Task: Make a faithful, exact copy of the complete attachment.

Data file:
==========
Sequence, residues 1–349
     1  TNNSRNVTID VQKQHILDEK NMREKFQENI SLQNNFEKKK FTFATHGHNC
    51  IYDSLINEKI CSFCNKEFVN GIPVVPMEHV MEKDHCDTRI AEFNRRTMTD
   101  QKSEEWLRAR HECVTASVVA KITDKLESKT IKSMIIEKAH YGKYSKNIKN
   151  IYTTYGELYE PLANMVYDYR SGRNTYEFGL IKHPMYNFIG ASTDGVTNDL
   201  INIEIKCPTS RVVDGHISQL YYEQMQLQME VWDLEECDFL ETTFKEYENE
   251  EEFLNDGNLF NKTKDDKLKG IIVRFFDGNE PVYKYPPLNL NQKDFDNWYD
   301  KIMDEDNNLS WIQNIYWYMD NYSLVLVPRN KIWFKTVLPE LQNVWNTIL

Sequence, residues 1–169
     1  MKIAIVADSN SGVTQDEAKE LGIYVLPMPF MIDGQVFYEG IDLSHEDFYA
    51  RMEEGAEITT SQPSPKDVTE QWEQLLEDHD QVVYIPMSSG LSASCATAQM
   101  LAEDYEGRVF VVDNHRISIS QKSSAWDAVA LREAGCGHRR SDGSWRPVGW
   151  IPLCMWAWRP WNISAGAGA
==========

Sequence, residues 1–349
     1  TNNSRNVTID VQKQHILDEK NMREKFQENI SLQNNFEKKK FTFATHGHNC
    51  IYDSLINEKI CSFCNKEFVN GIPVVPMEHV MEKDHCDTRI AEFNRRTMTD
   101  QKSEEWLRAR HECVTASVVA KITDKLESKT IKSMIIEKAH YGKYSKNIKN
   151  IYTTYGELYE PLANMVYDYR SGRNTYEFGL IKHPMYNFIG ASTDGVTNDL
   201  INIEIKCPTS RVVDGHISQL YYEQMQLQME VWDLEECDFL ETTFKEYENE
   251  EEFLNDGNLF NKTKDDKLKG IIVRFFDGNE PVYKYPPLNL NQKDFDNWYD
   301  KIMDEDNNLS WIQNIYWYMD NYSLVLVPRN KIWFKTVLPE LQNVWNTIL

Sequence, residues 1–169
     1  MKIAIVADSN SGVTQDEAKE LGIYVLPMPF MIDGQVFYEG IDLSHEDFYA
    51  RMEEGAEITT SQPSPKDVTE QWEQLLEDHD QVVYIPMSSG LSASCATAQM
   101  LAEDYEGRVF VVDNHRISIS QKSSAWDAVA LREAGCGHRR SDGSWRPVGW
   151  IPLCMWAWRP WNISAGAGA